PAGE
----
Junior school playground
There was an obvious difference in development from the nursery children to those in the junior school playground. Play was divided into defined groups. Very few children were playing on their own, and the majority in groups of five and up. The games that they played varied in gender and age of the children, with the boys being far more motivated for physical activity than the girls. Indeed sex segregation in children s play is a pattern that exists in every culture of the world (Harkness & Super, 1985)
The children seemed to be much more developed than those of the nursery school. Play fighting and chasing was common between male peers, Smith et al (1998) characterised this to ages 3 and up. The play fights or wrestling usually involves a tussle for superior position, one child trying to get on top of another, or to get him onto the floor, laughing and smiling signal friendly intent. Fights are short, children don t hit hard. Primary school teachers believe that often play fight can generate into real fights. From my own experience working at a junior school, any incidents of fighting however playful were all dealt with very seriously.
They first group of children that I observed was a large group of around 10 boys aged about 6 or 7, much larger than any social group seen in the nursery. Bee (1995) stated that as children get older they spend more time with friends and there social groups get larger. I arrived at the playground just as break time began and the group was just initiating a game of football. By the time children reach this age rule governed games such as hopscotch, tig or football take up much more playground time, sometime these games have public rules applicable to all play events, giving much less latitude for change (smith et al 1998). The group huddled round as two individuals picked teams as the game progressed it was apparent that the boys of highest ability served as the captains, they were chosen to play first, indeed dictated who would play, and were given key positions. While the less skilled boys played minor roles in the game
Waldrop and Haverson (1975) refer to boys relationships as extensive and girls intensive. Boys friendship groups are larger more accepting of newcomers than are girls. Boys play more outdoors and roam over a larger area; their friendships are focused more on competition than dominance. Girls are more likely to play in pairs of smaller exclusive groups spend more time indoors and their relationships are show more compliance intimacy and agreement (Bee 1995).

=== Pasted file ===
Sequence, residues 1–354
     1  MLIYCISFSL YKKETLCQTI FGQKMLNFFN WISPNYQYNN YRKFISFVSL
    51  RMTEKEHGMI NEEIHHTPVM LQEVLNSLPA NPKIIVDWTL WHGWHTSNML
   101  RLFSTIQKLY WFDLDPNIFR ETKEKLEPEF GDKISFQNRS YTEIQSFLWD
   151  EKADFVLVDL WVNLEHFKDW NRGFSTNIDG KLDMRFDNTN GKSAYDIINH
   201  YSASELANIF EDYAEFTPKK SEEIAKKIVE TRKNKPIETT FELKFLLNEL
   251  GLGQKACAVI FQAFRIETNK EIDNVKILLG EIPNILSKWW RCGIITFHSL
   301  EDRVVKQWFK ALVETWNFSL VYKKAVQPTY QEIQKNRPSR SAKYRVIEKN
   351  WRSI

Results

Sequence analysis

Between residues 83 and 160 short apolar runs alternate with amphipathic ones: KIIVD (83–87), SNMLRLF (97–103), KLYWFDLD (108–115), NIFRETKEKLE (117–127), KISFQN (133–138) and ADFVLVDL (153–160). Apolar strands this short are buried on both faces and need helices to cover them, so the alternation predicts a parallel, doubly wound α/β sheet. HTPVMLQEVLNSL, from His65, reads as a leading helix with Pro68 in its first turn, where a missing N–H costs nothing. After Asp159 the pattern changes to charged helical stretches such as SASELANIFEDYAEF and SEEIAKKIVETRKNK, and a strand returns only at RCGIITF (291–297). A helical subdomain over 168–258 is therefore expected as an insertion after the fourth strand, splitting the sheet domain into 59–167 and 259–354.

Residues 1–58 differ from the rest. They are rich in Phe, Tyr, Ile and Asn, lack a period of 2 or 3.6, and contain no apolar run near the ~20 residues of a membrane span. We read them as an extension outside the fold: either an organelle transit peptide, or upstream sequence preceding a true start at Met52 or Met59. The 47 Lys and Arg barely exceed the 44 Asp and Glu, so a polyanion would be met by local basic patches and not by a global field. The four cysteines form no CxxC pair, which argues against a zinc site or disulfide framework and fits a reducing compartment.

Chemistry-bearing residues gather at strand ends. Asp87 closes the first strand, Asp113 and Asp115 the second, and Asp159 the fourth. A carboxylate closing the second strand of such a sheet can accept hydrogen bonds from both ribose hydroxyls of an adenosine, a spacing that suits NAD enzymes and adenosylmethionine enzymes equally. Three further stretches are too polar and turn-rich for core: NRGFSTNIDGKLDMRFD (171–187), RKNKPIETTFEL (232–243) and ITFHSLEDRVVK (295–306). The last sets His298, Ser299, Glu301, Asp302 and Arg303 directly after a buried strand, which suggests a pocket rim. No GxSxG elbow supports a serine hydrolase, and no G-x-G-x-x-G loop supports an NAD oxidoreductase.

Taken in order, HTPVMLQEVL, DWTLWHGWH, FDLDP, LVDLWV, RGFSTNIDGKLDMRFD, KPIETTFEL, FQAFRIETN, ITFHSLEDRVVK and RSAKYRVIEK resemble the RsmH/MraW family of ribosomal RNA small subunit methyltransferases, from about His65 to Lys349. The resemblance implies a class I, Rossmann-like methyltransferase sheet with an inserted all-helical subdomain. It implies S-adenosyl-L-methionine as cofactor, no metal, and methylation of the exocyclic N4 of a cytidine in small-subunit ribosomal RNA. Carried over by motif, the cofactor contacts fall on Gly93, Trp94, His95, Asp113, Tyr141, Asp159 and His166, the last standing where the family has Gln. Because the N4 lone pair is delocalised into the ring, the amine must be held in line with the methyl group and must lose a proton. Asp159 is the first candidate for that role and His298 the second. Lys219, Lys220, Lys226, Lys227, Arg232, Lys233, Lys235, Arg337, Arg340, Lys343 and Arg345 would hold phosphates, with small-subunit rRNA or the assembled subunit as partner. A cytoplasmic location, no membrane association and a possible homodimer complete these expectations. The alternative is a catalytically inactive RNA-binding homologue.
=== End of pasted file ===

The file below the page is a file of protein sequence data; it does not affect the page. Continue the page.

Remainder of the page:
My next group of observation was a younger group of boys. They were deep in sociodramatic play so I approached them and inquired as to what they were doing who they were. One boy told me he was a Pokemon another was action man. The roles seemed to have set rules that governed their behaviour. Within other younger children that I observed sex differences in sociodramatic play were inconsistent, although the choice of roles is very different, girls employ more domestic scenes; boys rather imitate characters from books TV or fantasy. With rough and tumble play almost always preferred by the boys.
From viewing a range of children all of differing ages, the stages of development become easily apparent, with physical development on one scale and the social development on another. Peer relationship seemed very important amongst the school age children and social groups had expanded, the children now preferred to play with peers rather than interact with adults.Referances
Smith P.K., Cowie H, Blades M 1998 Understanding Children s Development Blackwell, Oxford
Howes C., and Matheson C.C. 1992 Sequences in the development of competent play with peers: social and pretend play. Developmental Psychology, 28, 961-74
Bee H. 1995 The Developing Child, Harper Collins, New York
Hartup W.W., 1992 Peer relations in early and middle child hood. In V.B.V. Hasselt & M. Hersen (Eds.), Handbook of social development: a life span perspective, 257-281, Plenum Press, New York
Harkness S., and Super C.M. 1985 The cultural context of gender segregation in childrens peer groups. Child development, 56, 219-224
Butterworth G. and Harris M., 1994. Principles of Developmental Psychology, Lawrence Erlbaum Associates, Hove.
Smith A.L. 1999 Perceptions of peer relationships and Physical activity participation in early Adolescence. Journal of Sport and Exercise Psychology, 21, 329-350
Piaget J. 1952 The origins of intelligence in children. Harcourt Brace. New York (first published in French in 1936